When you’re in the market looking to buy a cordless drill, your objective should be to zero in on a tool that offers the best bang for the buck. The value proposition you hold so dearly to your consumer heart should encompass your specific drilling requirements, budget, and whether the tool is the first piece of equipment of its kind you’re buying.
As a buyer, you should be happy to know that you’ve got some great options. But that’s also a bad thing since you would have a hard time picking one from the crowd. Not to mention, the various cordless drill reviews floating online are either partial or they don’t provide the clarity you need. Here, we would like to equip you with knowledge that automatically guides you toward the best cordless drill for the money.
What is a Cordless Drill?
First let’s get some basics out of the way. A cordless drill is essentially a power tool that’s made to drill holes into walls, floors and other objects. It also helps remove and insert screws. The “cordless” design means the tool is battery-powered, which is rechargeable. In other words, you would not be restricted by a power cable.
Cordless Drill Types
A cordless drill could be of multiple types: power drill, hammer drill, right angle drill, rotary drill, screw gun and impact driver. Let’s take a brief look at each.
• Power Drill
A power drill is the most basic kind and it’s perfect for drilling holes into walls and securing screws. It comes with a clutch that could be altered to help with drill depth.
• Hammer Drill
A hammer drill, as the name indicates, does hammering too besides drilling. As a result, the drill has a lot more thump to it compared to the power drill. The tool also effortlessly drills holes into tough surfaces such as masonry.
Right Angle Drill
A right angle drill isn’t the most commonly used drill. DIYers usually don’t have this tool in their kit. It’s the tradesmen who are often seen using this drill. The chuck here is mounted 90-degree to the body of the drill, which makes the drill ideal in constricted spaces.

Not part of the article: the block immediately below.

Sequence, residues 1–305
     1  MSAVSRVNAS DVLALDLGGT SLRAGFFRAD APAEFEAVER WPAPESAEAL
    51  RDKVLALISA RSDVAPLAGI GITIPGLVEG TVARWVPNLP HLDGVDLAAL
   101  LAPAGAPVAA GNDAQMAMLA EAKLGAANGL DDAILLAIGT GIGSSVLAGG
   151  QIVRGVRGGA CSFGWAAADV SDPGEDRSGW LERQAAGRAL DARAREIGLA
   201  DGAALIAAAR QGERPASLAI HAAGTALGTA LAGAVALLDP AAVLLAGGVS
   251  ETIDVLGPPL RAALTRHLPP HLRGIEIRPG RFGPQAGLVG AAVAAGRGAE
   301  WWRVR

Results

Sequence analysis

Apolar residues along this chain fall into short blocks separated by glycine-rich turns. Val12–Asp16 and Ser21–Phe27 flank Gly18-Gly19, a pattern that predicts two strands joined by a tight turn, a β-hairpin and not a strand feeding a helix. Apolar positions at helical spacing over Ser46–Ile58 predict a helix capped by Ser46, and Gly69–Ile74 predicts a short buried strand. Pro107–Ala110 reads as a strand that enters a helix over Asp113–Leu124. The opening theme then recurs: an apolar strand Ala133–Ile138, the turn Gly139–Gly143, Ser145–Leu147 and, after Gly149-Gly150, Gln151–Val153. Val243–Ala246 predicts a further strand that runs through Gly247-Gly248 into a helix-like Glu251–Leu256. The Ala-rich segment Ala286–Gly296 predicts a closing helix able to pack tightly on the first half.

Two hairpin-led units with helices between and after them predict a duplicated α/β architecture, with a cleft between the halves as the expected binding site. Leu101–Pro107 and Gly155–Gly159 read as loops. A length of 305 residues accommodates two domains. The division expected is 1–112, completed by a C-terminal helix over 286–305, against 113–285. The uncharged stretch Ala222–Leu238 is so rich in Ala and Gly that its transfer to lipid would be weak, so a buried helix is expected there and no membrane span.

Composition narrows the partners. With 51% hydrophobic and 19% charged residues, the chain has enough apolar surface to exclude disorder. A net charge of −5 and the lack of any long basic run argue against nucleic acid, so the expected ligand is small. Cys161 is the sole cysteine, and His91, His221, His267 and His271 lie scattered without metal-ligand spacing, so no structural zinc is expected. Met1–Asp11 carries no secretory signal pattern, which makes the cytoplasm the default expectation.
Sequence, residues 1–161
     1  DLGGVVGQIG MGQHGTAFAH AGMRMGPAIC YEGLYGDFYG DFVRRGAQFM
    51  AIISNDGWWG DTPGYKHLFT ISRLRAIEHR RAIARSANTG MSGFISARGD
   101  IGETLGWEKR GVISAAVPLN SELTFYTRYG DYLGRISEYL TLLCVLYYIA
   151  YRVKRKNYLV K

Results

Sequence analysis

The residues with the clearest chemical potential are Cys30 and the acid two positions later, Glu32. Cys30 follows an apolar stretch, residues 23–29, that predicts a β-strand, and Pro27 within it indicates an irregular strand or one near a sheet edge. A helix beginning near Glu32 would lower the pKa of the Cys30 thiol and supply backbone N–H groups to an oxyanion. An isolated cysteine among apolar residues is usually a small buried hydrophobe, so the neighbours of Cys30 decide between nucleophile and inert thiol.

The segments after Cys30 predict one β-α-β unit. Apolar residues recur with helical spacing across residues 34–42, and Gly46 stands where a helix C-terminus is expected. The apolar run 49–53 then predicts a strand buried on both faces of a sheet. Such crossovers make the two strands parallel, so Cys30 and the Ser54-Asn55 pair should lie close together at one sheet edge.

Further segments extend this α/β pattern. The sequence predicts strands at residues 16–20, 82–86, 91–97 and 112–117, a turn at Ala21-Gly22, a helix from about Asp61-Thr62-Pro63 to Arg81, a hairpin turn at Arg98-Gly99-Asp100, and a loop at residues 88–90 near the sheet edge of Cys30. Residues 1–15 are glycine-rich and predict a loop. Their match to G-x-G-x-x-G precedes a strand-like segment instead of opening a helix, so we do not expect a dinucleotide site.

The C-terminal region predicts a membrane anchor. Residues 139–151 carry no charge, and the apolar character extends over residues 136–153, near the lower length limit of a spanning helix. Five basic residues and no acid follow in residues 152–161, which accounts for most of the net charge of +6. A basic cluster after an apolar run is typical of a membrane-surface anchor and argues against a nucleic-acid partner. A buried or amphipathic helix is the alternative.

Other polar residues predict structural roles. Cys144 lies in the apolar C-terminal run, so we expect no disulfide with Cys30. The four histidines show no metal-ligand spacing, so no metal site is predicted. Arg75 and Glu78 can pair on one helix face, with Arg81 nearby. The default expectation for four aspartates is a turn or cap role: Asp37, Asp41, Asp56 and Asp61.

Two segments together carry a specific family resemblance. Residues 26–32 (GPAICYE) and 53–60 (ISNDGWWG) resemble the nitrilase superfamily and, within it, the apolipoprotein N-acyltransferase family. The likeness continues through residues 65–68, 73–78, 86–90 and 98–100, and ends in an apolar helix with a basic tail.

A rotary drill is another less common, yet powerful drill that easily drills through hard and tough materials such as masonry, tile and concrete. The drill comes in certain varieties and some of them include only rotation, hammer-only and rotary hammer modes. For added stability, the drill also has a secondary handle.
A screw gun helps drill loose screws in, particularly for drywall installation. The tool has a high torque motor that helps easily drive into dense material. The power on offer also means you are less likely to experience fatigue when using a screw gun for an elongated time period.
The impact driver’s power and impact mechanism helps drive bolts and big fasteners efficiently and quickly. The impart functionality and compact design also means reduced twisting exertion on the wrist.
What type of projects will you be working on the most?
Besides the above categorization, a cordless drill can be alternatively classified as ‘heavy-duty’, ‘general-use’ and ‘light-duty’ too. You should know how you’d be using the drill. Manufacturers usually do not market cordless drills based on their usability. They focus more on features. That could be probably because things may get a bit complex when you’re trying to explain usability to a larger set of people.
This “complexity” could be ascribed to the drill’s three-pronged clamp or the chuck. The chuck secures the bits at the drill’s business end. It can take in both driving bits to screw in fasteners and cutting bits to drill holes. The higher the chuck capacity of the drill, the larger the bit it could hold. The larger chuck capacity also means the particular model would offer a lot more power. Long story short, the chuck size reveals a lot about the drill.
The heavy-duty models are the ones that come with the half-inch chuck, which is the biggest that cordless drills offer. Drills used for general work come with a 3/8-inch chuck, which shall easily handle the majority of the bits you’d probably require. The light-duty drills invariably come with a ¼-inch, fixed socket. This design only works with bits that have hex-shaped shafts.
Besides the chuck, also actively seek the ‘brushless motor’, which plays a major role in sensing work material resistance and reducing friction. A brushless motor invariably means more power, increased run times and a much better product life.
How to buy the right cordless drill
When you’re buying the tool, make sure you keep the aforementioned aspects in mind. The chuck size is extremely important and make sure the drill comes with a brushless motor. Also, cordless drills come in three configurations: standalone tool (with a dedicated charger and two batteries), as part of a kit, and bare tool (with no charger or battery). Knowing what you already have and what you currently need shall help you choose from these configurations.